Seven beehives installed on KU Medical Center campus
The KU Medical Center Botanical Gardens partnered with Bee KC to make the Kansas City campus a home for nature’s hardworking pollinators.
On a blustery, cold March morning, beekeeper David Friesen introduced six pounds’ worth of bees to two new hives installed on the University of Kansas Medical Center campus in Kansas City.
Into a square hive he dropped the queen, protected in a waxen sheath, and then shook loose a cascade of 10,000 cold bees into their new residence.
These bees are part of a project that brought a total of 70,000 bees from an apiary in Georgia to populate seven beehives in four locations on campus. Friesen, the founder of a new nonprofit called Bee KC, contacted the University of Kansas Medical Center Botanic Gardens in hopes of setting up the hives.
Why bring bees to campus?
Eric Tow, manager of landscape operations for the medical center, said they were “thrilled” to receive Friesen’s request. “It seemed almost too good to be true,” Tow said. “We started a pollinator garden three years ago in our Botanic Gardens. And we were trying to educate and emphasize the need for pollinators in this area.”
And bees are great pollinators, Friesen said. “Bees pollinate essentially one-third of everything we eat. So, one in three bites of your food is thanks to honeybees.”
That statistic becomes especially important as the medical center plans to increase production in its on-campus garden. “There’s a food insecurity problem within the students, so one of the student leaders came to us and asked what we could do. Since we were growing some vegetables on campus, we decided to grow a garden.”
In its first year of production three years ago, the on-campus garden produced about 1,500 pounds of produce for the Thrive Food Pantry. This year, with the help of a high tunnel – a plastic-covered hoop that protects the plants inside – gardeners plan to deliver five times the amount of produce to those who need it.
The bees will play an integral part in that garden and the others in and around KU Medical Center, Friesen explained. “Bees really help the entire ecosystem, especially in a city. Put bees in your garden, and you’ll really start to see your garden thrive,” he said.
What if you’re allergic to bee stings?
Friesen said people usually have one of two main reactions to bees: either they love the idea of having bees nearby to sustain an ecosystem, or they want to get as far away from bees as possible to ward off stings.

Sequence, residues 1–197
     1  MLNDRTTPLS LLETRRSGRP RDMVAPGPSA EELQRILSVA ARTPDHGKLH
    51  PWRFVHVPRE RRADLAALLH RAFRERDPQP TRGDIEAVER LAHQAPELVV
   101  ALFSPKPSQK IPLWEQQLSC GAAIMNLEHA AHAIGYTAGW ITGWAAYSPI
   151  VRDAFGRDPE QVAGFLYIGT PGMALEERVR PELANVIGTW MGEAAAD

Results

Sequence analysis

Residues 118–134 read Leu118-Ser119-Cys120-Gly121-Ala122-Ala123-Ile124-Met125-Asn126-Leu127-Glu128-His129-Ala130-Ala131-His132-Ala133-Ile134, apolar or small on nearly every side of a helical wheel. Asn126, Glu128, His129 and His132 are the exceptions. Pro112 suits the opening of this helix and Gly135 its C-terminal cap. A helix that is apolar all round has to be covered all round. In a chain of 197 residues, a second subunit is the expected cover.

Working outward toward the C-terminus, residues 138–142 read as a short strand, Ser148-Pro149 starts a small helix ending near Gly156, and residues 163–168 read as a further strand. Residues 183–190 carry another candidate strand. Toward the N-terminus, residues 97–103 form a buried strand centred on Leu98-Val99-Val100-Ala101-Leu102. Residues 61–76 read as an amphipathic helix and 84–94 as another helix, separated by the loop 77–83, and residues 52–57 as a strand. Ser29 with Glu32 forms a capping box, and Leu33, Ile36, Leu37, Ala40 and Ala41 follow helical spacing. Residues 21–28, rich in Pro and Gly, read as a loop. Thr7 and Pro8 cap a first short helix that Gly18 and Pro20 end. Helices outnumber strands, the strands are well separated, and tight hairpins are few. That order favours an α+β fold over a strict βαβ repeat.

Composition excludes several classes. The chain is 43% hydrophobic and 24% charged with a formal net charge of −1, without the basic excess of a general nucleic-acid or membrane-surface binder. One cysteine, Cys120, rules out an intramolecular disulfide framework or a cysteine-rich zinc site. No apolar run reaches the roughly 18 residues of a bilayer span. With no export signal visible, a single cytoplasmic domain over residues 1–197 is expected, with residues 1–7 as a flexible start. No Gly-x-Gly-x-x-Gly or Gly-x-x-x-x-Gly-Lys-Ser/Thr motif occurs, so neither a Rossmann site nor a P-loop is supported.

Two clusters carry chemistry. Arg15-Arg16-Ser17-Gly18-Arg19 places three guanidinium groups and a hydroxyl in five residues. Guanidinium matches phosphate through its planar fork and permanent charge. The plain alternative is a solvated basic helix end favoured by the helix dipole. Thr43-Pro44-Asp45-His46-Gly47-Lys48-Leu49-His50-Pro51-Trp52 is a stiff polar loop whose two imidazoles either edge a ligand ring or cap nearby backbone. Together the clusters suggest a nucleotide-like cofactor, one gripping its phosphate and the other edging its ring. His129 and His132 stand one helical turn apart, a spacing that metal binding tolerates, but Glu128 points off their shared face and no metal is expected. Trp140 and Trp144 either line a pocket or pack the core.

For those with bee-sting allergies, keeping a distance from bees is important. Those who are allergic could have serious complications or even die from a condition known as anaphylactic shock. For them, and for anyone who equates the buzz of a bee with potential pain, Friesen noted these precautions:
- The type of bee introduced to campus is the European honey bee, Apis mellifera. This type of bee is somewhat docile, Friesen said, and attacks only when the hive or the queen is threatened. “If you leave them alone, they’ll leave you alone.”
- Landscape operations personnel at KU Medical Center selected the hive sites so they were away from populated walkways. For example, two hives are located in the extreme northwest corner of the greenspace west of Hemenway Life Sciences Innovation Center and north of the Health Education Building. Chris Harmeyer, program manager for the KU Medical Center Botanic Gardens, offered a map of where the hives are located (see inset) but said the northernmost locations are “a little farther north than shown” because the map cuts off the northern edge of campus.
- Signage and natural barricades will keep anyone from stumbling upon the hives.
Bees up close
Twenty or so people gathered around Friesen for that bee transfer and tutorial on March 25. One of them was Mikayla Kwek, a student in KU School of Nursing. She stopped by after class to see the bee installation. She even donned a protective bee suit so she could see the hives up close.
“I thought it would be fun to see the bees,” she said. “And I think it will be really nice to have them on campus.”
Top: A map shows the four sites where hives were installed. Above: The hives provide enough space for the colony to expand over the summer. Photos by Elissa Monroe, KU Medical Center Photo Services